Writing a recommendation letter is no easy task, and the last thing you want to do is not give your professors or employers enough time to put together strong, thoughtful letters for you. Once you’ve decided from whom you’ll be requesting your letters of recommendation, don’t sabotage your chances of getting a great letter by not giving them the time they need. People are busy, and if you’re requesting one from a professor, chances are you’re not the only one, so give them the respect and courtesy they deserve by providing them with plenty of time (generally 4-6 weeks)to honor your request.


In order for the people writing your letters of recommendation to vouch for you on the strongest level, you should put together a comprehensive file that will give them the opportunity to speak on your behalf from as many different angles as possible. Here are a few items to include in your file:

  • Cover Letter – In an introductory note to the people writing your letters of recommendation, briefly remind them what the letter of recommendation is for and thank them for agreeing to write the letter for you. Be sure to include your contact information so they can reach you if they have any questions or need additional information from you. Also, give them your deadline for receiving their letters.
  • Résumé/CV – Prepare a résumé of your academic and extracurricular accomplishments, honors and awards, relevant work experience, research or clinical activities, and hobbies. When listing your experiences, make sure to highlight duties and tasks that showcase relevant knowledge and skills, leadership abilities, and other qualities that may help paint a well-rounded picture of you.
  • Essay – If you have completed your AMCAS essay or at least a draft of it, you may want to share it. This will give them the opportunity to learn more about you and your desire to become a doctor in ways they may not already know. It may help give them a greater sense of why you are pursuing a career in medicine and possibly give them a chance to make a more meaningful connection that would have otherwise been left uncovered.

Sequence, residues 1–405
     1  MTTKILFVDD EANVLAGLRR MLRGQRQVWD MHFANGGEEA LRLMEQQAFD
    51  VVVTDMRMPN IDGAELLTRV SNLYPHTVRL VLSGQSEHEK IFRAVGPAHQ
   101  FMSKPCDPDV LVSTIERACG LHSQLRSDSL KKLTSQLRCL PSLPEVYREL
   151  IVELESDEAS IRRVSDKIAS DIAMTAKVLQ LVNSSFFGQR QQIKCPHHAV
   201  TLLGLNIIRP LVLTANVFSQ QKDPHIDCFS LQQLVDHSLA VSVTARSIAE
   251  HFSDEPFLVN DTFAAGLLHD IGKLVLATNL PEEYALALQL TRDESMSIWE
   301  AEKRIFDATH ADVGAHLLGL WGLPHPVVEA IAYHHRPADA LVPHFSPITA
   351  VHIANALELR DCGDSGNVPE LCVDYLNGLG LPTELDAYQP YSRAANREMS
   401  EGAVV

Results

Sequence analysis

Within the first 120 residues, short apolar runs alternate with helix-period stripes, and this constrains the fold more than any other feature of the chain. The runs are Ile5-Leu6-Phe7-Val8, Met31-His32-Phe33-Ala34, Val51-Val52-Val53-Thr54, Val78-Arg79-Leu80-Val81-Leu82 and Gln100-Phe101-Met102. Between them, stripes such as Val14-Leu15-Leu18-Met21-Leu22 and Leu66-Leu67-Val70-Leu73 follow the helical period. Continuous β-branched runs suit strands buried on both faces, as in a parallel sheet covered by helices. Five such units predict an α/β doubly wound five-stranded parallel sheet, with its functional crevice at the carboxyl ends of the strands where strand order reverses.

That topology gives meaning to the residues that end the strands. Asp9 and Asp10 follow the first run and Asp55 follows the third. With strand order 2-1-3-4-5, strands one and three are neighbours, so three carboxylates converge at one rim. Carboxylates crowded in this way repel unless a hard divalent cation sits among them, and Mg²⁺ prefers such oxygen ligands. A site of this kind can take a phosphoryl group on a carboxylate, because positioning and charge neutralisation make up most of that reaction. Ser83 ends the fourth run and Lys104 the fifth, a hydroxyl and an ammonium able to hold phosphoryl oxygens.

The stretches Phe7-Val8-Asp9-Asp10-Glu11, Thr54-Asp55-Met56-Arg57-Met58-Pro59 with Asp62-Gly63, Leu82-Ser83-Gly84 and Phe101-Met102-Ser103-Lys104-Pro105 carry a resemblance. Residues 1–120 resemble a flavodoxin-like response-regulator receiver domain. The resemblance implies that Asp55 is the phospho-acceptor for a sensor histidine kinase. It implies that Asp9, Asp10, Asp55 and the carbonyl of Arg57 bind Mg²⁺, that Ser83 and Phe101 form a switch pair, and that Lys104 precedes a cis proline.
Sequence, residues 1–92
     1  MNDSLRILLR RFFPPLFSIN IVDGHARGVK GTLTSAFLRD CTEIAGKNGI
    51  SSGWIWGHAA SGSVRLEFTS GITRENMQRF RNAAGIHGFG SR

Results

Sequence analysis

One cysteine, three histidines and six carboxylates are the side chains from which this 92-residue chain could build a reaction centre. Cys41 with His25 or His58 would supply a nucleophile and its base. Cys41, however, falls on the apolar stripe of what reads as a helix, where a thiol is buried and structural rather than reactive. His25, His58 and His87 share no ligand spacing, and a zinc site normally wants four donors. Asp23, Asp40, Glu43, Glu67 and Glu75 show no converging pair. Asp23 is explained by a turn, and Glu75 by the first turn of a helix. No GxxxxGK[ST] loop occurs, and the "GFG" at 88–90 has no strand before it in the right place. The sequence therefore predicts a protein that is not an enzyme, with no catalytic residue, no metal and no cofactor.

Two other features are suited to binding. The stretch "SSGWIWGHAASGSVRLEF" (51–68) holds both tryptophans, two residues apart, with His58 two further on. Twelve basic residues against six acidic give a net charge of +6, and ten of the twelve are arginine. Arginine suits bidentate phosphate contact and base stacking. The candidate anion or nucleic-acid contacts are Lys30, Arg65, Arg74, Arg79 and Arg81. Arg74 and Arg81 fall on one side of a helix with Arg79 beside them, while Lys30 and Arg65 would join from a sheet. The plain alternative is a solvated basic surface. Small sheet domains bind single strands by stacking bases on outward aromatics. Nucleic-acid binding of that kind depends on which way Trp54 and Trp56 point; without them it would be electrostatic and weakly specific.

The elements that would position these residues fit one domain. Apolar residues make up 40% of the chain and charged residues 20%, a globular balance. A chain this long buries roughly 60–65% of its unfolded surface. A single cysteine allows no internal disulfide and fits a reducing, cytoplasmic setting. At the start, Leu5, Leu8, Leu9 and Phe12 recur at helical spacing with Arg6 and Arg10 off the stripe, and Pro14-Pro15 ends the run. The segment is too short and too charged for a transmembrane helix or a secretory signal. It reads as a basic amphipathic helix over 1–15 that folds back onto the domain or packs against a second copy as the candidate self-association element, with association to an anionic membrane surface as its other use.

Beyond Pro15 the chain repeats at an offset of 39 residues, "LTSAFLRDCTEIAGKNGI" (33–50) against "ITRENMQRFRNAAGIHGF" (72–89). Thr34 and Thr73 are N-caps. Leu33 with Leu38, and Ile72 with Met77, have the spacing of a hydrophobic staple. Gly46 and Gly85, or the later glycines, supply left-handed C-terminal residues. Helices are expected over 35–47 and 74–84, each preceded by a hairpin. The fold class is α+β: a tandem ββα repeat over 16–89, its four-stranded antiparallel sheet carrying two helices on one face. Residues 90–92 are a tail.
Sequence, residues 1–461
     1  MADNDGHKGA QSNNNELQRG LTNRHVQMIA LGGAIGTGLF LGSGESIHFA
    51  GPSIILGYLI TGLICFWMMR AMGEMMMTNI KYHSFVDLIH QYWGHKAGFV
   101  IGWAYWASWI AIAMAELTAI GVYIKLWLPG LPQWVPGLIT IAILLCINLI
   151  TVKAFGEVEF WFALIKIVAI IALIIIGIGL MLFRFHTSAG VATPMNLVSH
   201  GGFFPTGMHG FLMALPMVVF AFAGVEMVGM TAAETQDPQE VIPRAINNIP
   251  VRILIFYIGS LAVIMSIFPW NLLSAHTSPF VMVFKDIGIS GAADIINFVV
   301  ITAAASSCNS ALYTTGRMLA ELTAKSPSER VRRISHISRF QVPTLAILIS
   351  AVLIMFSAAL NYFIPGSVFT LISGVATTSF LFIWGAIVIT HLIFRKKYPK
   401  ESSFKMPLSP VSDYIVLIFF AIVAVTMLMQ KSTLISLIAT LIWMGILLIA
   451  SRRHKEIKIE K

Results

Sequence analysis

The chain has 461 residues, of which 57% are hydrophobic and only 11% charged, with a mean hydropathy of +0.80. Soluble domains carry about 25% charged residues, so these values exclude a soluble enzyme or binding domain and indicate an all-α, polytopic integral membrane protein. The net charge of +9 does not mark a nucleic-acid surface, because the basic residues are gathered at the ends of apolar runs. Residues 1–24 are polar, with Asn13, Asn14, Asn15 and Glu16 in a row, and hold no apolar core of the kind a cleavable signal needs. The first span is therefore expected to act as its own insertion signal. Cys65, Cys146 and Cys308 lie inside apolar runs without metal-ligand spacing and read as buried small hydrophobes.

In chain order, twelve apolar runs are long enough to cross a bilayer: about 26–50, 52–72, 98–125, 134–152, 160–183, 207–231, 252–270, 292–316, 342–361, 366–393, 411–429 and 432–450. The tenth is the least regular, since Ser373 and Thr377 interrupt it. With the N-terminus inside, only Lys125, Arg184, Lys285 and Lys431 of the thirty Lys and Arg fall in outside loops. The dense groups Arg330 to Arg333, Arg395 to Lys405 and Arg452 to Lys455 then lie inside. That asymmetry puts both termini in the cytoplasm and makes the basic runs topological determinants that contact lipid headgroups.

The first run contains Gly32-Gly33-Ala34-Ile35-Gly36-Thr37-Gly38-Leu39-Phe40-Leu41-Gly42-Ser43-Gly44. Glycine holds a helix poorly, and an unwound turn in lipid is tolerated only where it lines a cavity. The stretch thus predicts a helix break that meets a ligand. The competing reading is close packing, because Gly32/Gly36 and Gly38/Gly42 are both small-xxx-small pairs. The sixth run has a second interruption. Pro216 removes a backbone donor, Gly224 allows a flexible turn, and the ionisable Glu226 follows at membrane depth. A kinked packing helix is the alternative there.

• Statement of Purpose – If you’re not comfortable providing a copy of your AMCAS essay, you may want to consider putting together a shortened version of what many other graduate and professional schools call a Statement of Purpose. You can use this document to give a general sense of the type of schools you are applying to and why you believe they would be best for you. Try to write at least two compelling paragraphs so that the person writing your recommendation can have more than enough information to endorse you in the strongest way possible.
  • Unofficial Transcript, MCAT Scores – Providing your unofficial transcript and MCAT scores just confirms what the person writing your letter of recommendation should already know about your academic capabilities. Professors will have the opportunity to assess your overall achievement in various studies (science and non-science) and be reminded of the grade you received in their courses. Giving the people writing your letters of recommendation a chance to see your transcript and test scores provides evidence of your overall qualifications for the study of medicine and solid ground for them to build up a case in your favor.